Your choice of thread and needle make a huge difference when sewing outdoor gear. Choosing the right needle and thread combination for your project can mean the difference between gear that holds up for years and gear that falls apart after a season or two.
With this guide, you’ll learn about the different types of thread and sewing machine needles for sewing outdoor gear – and how to choose the right tools for the job!
Types of thread for outdoor gear
There are three primary types of threads that are used for producing heavy-duty items: polyester, PTFE, and nylon. We’ll discuss each of the three types to give you a feel for when you might choose one over the other.
100% polyester thread is the best choice for most outdoor gear applications, such as packs and bags. Polyester is strong, durable, and resistant to shrinkage. It also doesn’t have much stretch, making it a sturdy thread choice for sewing items that will receive a lot of wear and tear.
In addition, polyester is resistant to damage from UV rays and water – it’s an awesome choice for gear that will spend a lot of time in the great outdoors.
From a sewability standpoint, polyester thread is lightweight and easy to sew, even for beginners. This makes polyester our top choice for most outdoor gear sewing projects.
If you’re making something that really needs to withstand some harsh conditions, a PTFE (polytetrafluoroethylene) thread may be a better choice for you. PTFE thread, sometimes referred to as a “lifetime thread,” is an ultra-strong and long-lasting thread that is highly resistant to UV rays, saltwater, cleaning chemicals, and just about any weather conditions that could be thrown its way.
However, the downsides to PTFE thread are that it’s more expensive than polyester and can be difficult to sew. Because of this, unless your gear will be constantly put into very harsh environments, such as marine gear, it’s usually best to stick with polyester thread.
Nylon is a strong synthetic material, and threads made from nylon certainly retain that characteristic. Nylon thread has a high tensile strength and doesn’t break easily. However, nylon thread tends to have quite a bit of give and stretch, which is not something you want in your outdoor gear. In addition, nylon is not resistant to UV rays and will break down quickly when exposed to the outdoors regularly. Because of this, nylon is often used for indoor furniture and other heavy-duty items that stay sheltered from the elements.
There are quite a few different thread-sizing systems out there, but the most reliable and consistently used is the Tex sizing system.
In the Tex system, the weight of 1000 meters of thread is used to determine the “Tex” of the thread. For example, if 1000 meters of thread weighs 1 gram, that thread is 1 Tex. If that same 1000 meters of thread weighs 70 grams, the thread is 70 Tex.
Basically, the key for you, as someone looking for thread to sew with, is that the higher the Tex, the thicker (and heavier) the thread.
Core spun vs continuous filament threads
There are two primary ways of constructing thread that is strong enough to be used for outdoor gear – continuous filament thread and core spun thread.
Continuous filament thread is the stronger of the two and is produced by winding several long thread filaments together. On the other hand, core spun thread is manufactured by spinning short fiber lengths around a long, microfilament core.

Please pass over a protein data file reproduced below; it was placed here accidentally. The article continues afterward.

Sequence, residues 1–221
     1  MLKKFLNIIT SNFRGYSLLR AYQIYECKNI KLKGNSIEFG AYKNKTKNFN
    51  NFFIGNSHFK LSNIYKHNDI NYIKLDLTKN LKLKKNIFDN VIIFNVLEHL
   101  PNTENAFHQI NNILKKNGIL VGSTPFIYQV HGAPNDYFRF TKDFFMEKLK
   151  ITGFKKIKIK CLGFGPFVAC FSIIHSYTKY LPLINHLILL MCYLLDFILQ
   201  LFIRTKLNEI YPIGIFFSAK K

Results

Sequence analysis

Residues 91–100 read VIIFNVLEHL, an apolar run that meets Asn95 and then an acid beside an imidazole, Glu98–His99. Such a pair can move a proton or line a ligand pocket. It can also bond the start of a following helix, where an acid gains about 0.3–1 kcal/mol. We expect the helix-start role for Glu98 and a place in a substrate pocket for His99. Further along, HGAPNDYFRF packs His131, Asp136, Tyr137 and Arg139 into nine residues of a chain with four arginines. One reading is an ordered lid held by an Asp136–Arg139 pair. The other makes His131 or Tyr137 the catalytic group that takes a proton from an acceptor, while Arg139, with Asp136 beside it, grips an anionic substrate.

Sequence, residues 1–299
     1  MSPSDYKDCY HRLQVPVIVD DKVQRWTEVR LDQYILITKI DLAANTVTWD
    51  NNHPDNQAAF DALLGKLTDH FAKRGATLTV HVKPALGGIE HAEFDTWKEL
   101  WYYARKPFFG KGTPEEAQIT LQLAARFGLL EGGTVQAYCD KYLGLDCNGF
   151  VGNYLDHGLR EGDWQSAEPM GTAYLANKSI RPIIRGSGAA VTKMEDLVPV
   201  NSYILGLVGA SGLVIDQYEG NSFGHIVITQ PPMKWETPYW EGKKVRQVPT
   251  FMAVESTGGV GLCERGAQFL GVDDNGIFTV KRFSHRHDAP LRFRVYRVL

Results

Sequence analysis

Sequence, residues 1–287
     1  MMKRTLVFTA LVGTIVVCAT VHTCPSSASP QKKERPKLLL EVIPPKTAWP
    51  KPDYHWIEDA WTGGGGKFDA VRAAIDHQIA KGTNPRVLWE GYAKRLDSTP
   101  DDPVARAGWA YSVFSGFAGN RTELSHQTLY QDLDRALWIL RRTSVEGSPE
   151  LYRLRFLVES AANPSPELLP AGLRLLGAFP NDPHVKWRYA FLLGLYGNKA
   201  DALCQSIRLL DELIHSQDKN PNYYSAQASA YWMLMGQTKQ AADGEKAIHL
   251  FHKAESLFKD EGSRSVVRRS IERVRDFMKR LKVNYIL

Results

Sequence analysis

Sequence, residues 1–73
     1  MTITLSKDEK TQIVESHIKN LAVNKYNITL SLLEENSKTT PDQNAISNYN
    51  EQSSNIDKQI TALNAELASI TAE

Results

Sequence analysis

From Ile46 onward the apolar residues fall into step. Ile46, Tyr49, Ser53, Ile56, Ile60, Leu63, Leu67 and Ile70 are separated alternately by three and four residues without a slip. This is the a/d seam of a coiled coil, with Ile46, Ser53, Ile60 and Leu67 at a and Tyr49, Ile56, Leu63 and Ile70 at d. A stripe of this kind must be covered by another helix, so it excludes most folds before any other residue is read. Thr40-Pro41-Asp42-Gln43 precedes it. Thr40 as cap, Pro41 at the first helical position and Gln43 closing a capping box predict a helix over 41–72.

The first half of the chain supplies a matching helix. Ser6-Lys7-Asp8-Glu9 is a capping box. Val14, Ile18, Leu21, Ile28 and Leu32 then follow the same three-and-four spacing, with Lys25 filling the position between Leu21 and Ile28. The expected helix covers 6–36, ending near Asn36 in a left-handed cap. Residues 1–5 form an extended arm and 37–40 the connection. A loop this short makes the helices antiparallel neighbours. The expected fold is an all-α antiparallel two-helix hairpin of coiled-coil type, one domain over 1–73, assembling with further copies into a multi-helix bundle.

Both types will work for most outdoor gear, but it is often recommended to use continuous filament thread for its higher strength and durability.
We recommend choosing Gütermann brand polyester threads – they are a well-known manufacturer of high-quality thread. There are other thread brands that you can try out, but we find that Gütermann is worth the cost for the quality and consistency of their thread.
When it comes to thread for outdoor gear, we recommend Gütermann’s continuous filament thread, which is their TERA line. The TERA 40, which is a Tex 75 thread, is great for heavier gear, while the TERA 80 (Tex 35), is perfect for lighter packs and bags.
Choosing the right needle for sewing outdoor gear
Once you’ve chosen your thread, it’s important to pair the right needle with that thread. You’ll need to choose a needle that’s the correct size to handle the thread you’re using, is heavy enough for the fabric you’re working with, and is the right type to produce great stitches in your fabric.
Sewing machine needle sizing
Sewing machine needles are sized with two different systems, an American system and a European system. Thankfully, most sewing needle brands provide both sizes, so you can choose the system you like best and stick with it!
The American sizing system ranges between 8 and 19, with 8 being the thinnest needle and 19 being the thickest. The European system uses numbers from 60 to 120, with 60 being the lightest needle and 120 being the heaviest.
The key takeaway: the larger the number, regardless of the sizing system, the thicker the needle.
When using TERA 80 thread, you’ll want to choose a needle between American sizes 10-14 (European 70-90). If you’re working with the heavier TERA 40 thread, a needle between sizes 14-18 (European 90-110) should work well.
Types of sewing machine needles
Finally, sewing machine needles come in many different types, each one made to work well with a specific type of fabric.
The two types of needles to know for outdoor gear are Universal needles and Denim needles. Universal needles work well for most fabrics and are usually the best place to start. However, if you’re working with a very heavy fabric that is too heavy for a Universal needle to puncture efficiently, try switching to a Denim needle – it’s made to get through thick, tightly woven fabrics easily.